Exercise of domiciliary rights are the province of the AStA of TU Dortmund. Its directives or those of its authorized personnel are to be obeyed.
§ 3 Maintaining tranquility
In the Quiet Room, calm is to be maintained and noise of any kind avoided.
§ 4 The appearance of the Room
The Quiet Room is to be kept philosophically and religiously neutral. Religious symbols, signs or the like must not be mounted or posted. It is not permitted to display, post or hang notices, brochures, flyers or the like with religious or philosophical reference within, or in the direct vicinity of, the Room…
When the utilization of the room in accordance with its stated purpose had proceeded without difficulty in the first months, and the many, early, highly critical voices which had warned against a “take-over by Muslim conversion of the Room into a prayer room and a concomitant expulsion of visitors of different beliefs” had been silenced, there followed unfortunately in the ensuing time period an initial, massive offense against the Room’s utilization ordinance and declared purpose.
Specifically, an inspection by the AStA revealed that, against the use ordinance for the Room, diverse prayer rugs and Korans were stored there, and further, flyers in Arabic and German-language lectures were laid out, containing, among other things, how women must dress and behave (e.g., wearing a head-scarf, eschewal of perfume, etc.). Moreover, it was established that there was utilization by third parties in group events, and, further that the room was divided during use into gender-specific sections.
All of the above prompted the AStA to temporarily close the facility and have a clarifying discussion with the responsible parties. After reinstatement of the ordinance and the prospect of a positive prognosis, the Room was once again opened. At the same time, to enhance comfort, the Room was furnished with two sofas, bookshelves and a ca. 2m X 2m painting on canvas.
Now new complaints by other students have reached us, concerning substantial offenses against the utilization ordinance, which have compelled us to unavoidable action, because of an offense — under no circumstances acceptable — against the above-cited Article 3 of our constitution (inter alia, equality of men and women).
According to these complaints, female visitors to the Room have several times been intercepted and informed that they had entry only to a smaller, optically and physically closed-off part of the room, while the larger part of the room was reserved for men.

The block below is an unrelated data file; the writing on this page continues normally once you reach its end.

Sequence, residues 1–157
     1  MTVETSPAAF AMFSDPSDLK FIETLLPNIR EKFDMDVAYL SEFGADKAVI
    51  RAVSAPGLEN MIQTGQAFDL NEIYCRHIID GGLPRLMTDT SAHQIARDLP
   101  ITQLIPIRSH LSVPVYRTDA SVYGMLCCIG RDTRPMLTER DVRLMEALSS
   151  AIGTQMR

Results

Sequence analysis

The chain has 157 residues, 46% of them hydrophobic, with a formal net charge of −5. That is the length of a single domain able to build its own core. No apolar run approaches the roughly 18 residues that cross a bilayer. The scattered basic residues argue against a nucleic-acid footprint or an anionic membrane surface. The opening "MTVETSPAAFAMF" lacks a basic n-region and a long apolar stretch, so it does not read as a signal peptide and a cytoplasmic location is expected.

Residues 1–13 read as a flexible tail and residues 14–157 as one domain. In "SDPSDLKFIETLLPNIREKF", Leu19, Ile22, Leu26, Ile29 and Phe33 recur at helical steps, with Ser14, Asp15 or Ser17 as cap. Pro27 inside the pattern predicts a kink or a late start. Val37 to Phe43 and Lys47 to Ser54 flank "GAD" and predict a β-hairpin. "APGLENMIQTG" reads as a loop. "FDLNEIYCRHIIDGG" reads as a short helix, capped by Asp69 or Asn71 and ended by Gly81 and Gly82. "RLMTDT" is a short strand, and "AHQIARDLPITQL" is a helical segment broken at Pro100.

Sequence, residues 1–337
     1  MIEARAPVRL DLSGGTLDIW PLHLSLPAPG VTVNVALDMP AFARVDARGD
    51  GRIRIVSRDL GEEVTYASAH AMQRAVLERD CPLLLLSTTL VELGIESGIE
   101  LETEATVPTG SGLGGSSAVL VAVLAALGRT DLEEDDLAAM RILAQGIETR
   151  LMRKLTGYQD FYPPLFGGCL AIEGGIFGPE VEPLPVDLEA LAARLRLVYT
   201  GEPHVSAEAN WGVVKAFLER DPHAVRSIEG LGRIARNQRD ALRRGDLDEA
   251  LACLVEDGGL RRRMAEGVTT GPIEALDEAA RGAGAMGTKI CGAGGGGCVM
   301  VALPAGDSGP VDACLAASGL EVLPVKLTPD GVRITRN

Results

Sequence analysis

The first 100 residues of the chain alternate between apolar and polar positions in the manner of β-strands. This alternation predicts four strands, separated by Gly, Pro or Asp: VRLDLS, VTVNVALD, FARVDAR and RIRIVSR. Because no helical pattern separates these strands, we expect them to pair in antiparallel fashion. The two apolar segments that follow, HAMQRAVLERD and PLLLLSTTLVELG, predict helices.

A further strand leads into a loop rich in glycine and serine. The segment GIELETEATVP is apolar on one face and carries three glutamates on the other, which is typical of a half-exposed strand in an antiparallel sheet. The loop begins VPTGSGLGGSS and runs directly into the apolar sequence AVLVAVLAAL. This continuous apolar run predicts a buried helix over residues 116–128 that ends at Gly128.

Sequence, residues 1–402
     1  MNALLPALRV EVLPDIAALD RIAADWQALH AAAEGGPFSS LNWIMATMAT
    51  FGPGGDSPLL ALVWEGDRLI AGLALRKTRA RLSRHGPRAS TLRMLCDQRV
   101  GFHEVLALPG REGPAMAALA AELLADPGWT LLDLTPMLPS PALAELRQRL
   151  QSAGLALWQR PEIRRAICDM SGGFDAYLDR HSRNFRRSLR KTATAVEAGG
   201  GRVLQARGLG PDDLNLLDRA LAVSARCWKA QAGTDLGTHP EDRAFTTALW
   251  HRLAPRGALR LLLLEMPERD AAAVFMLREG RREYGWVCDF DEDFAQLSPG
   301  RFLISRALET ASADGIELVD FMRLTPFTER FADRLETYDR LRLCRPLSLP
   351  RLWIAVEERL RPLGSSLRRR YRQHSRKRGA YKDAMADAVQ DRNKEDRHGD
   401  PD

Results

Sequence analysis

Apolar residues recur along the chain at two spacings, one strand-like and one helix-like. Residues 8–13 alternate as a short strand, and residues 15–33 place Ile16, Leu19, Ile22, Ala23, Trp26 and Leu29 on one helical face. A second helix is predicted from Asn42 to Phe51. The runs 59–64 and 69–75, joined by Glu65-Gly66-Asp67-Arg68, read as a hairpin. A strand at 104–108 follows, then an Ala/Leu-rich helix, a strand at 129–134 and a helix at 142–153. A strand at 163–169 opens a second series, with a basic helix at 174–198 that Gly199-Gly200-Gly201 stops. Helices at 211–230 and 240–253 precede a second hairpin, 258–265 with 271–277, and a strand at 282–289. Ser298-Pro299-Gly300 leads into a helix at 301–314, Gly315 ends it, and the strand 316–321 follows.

Our own ensuing inspection of the space revealed that the sturdy, ceiling-high bookshelves had been converted into room dividers, beginning at the entrance, separating the room into a larger, brighter area and a smaller, darker one. Additionally, blankets had been hung over the bookcases, ensuring that there was no line-of-sight from one area to the other. Furthermore, the painting mounted on a 2 x 2 meter wooden frame, originally intended as decoration for the Room, now served as a “sliding door” to allow the complete optical and physical closure of the “room within a room”. Moreover, numerous prayer rugs and Korans were found in both areas.
In this context, unfortunately, we regard the attempt to establish a neutral “Quiet Room” accessible equitably to all faiths as having failed. Since the trial period of two years has expired and not been extended, the university no longer has any obligation to continue the project.
Your opinion therefore, that a “rigorous and unagreed-upon closure” is in prospect is therefore meaningless.
In future, the room will again be dedicated to teaching and research and thus directly serve those goals, which is in accordance with the state obligation of the university and contributes to relieving the scarcity of space resources. Currently, there is also a desire by a large group of members of the university, who would like to have — in this area of campus as in other areas of campus — a so-called “baby and relaxation room”. Consideration is being given to this desire for an undisturbed place of retreat. We will be happy to discuss this with the responsible university committees.
Your attribution of an alleged mocking, discrimination, anti-Islamic racism or a generalized suspicion, we reject in the strongest possible terms. We are happy to take up your remarks on the significance of integration and take the liberty of adding that knowledge and acceptance of the laws which apply in the Federal Republic of Germany, by which we are all bound, is a part of it. Equality under the law of men and women is an inviolable core of those laws.
On the basis of the public interest you have described in this affair, we are making our answer to your letter immediately available for publication.
Office of the President